Unborn children whose mother ingested THC during pregnancy could possibly have their brain development impacted negatively, but signs of the cognitive impairment may not show up until later in life. A couple of studies that began almost 40 years ago tracked children and found some had learning disabilities.
Marijuana has a healthier image than many other drugs (or, depending on who you ask, alcohol), and it can ease symptoms like nausea that tend to crop up in pregnancy. But we are accumulating evidence that marijuana is probably not a great idea to use if you’re pregnant. In particular, the THC component can affect a baby’s brain in ways that you might not notice until they are older.
If you’re looking for a simple yes/no answer on whether it’s okay to use cannabis in pregnancy, I’ll point you to this categorical no from the American Congress of Obstetricians and Gynecologists. “Although there are limitations to the data on marijuana use during pregnancy…worrisome trends do emerge,” they write. Children who were exposed to marijuana in utero are more likely to have cognitive and behavioral problems later in life. The experts I spoke with absolutely did not recommend smoking weed while you’re pregnant. If you want a yes or no, there’s your no.
But you’re probably reading this because you want to know why it’s a no, and how good the evidence is, and whether there’s any wiggle room for your situation. So here are the details.
The best known marijuana chemical is tetrahydrocannabinol (THC). It’s the main psychoactive component, the part that gets you high. THC circulates in your blood, and can cross the placenta, so the fetus is exposed to it too. THC is also fat-soluble, and can end up being incorporated into your body fat. That means that you can still have small amounts of THC circulating in your body even if you haven’t consumed any marijuana lately.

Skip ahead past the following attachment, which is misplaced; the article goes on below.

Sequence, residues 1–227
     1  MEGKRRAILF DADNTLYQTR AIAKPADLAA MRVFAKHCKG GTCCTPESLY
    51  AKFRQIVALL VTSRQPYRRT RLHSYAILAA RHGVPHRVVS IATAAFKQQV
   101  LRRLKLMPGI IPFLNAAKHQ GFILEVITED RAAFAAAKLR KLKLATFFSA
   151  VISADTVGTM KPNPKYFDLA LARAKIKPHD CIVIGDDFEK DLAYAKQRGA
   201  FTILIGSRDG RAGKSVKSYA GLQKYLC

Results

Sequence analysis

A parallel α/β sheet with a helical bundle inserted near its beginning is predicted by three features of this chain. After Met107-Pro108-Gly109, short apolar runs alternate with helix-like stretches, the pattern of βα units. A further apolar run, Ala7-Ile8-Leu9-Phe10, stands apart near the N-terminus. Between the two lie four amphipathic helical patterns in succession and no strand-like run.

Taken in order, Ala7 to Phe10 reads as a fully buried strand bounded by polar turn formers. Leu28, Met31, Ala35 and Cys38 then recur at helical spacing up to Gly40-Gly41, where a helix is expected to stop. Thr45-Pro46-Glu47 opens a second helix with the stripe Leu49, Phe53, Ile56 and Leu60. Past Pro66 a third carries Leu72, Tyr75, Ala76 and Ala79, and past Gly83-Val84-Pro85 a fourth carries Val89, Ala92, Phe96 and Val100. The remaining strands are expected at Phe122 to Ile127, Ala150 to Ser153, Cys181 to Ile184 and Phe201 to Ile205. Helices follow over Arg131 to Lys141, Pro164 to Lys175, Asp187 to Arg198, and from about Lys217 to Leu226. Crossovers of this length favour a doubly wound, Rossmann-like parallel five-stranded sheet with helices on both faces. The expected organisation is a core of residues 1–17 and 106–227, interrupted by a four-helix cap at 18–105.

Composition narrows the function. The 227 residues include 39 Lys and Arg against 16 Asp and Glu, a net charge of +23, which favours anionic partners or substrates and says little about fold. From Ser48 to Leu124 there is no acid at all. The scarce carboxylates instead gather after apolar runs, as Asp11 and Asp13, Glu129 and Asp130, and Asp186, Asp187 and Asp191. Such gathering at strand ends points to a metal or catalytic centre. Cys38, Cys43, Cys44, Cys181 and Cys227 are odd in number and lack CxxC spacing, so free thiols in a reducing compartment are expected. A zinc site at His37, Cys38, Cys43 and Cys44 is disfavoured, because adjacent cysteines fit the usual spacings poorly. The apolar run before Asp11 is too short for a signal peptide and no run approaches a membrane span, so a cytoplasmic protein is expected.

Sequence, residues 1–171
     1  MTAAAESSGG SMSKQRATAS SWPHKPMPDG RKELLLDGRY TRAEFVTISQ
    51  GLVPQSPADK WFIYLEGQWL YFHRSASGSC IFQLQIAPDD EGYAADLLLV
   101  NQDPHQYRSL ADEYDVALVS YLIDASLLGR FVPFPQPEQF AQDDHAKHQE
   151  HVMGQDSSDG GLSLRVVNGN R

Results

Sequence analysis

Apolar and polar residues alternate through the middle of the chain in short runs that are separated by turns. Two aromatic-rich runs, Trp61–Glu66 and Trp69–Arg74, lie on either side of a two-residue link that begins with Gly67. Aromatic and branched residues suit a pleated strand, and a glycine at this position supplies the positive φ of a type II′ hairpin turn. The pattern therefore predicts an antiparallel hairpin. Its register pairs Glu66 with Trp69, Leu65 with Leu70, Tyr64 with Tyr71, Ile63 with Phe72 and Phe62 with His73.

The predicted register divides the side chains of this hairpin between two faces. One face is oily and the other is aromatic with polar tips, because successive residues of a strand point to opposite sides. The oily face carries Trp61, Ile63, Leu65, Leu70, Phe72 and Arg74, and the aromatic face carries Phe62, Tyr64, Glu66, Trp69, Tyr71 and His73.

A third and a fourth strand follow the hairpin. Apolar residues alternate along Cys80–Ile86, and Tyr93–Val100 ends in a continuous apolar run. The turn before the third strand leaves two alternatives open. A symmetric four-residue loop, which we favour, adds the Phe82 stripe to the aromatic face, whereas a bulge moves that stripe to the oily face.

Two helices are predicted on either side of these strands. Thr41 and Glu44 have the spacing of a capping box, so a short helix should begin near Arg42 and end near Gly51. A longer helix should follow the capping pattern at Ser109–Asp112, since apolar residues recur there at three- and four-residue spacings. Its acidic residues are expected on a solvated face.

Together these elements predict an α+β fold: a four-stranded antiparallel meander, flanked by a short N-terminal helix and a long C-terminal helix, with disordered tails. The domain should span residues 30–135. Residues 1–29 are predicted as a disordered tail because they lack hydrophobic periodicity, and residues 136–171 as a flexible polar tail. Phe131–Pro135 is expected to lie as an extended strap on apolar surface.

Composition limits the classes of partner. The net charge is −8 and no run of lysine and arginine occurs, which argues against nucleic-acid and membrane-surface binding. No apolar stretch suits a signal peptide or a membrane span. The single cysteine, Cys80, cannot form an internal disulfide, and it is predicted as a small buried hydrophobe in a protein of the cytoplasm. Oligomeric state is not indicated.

THC can also enter breast milk, and its metabolites end up in baby poop, so if you use marijuana and also breastfeed, your child is exposed to the chemical that way too.
Some of what we know about the biology of marijuana comes from studies where scientists give pure THC to animals like rats. Diana Dow-Edwards, who does animal research on how drugs affect the developing brain, says it’s well established that THC interferes with the way brain cells connect to each other. “This of course is the whole essence of the brain,” she says. “One neuron connects to the next neuron, which connects to the next.” And the more marijuana the brain is exposed to, the greater the effect on those connections.
Human brain cells develop in a similar way to those in rodents, but we need real-world studies to figure out what this means for us. It’s not ethical to do a randomized controlled trial, because that would involve assigning some women to use marijuana in pregnancy. So instead, studies look at the children of people who decided on their own to use marijuana in pregnancy, and try to figure out whether those children have more problems than children whose mothers did not use marijuana.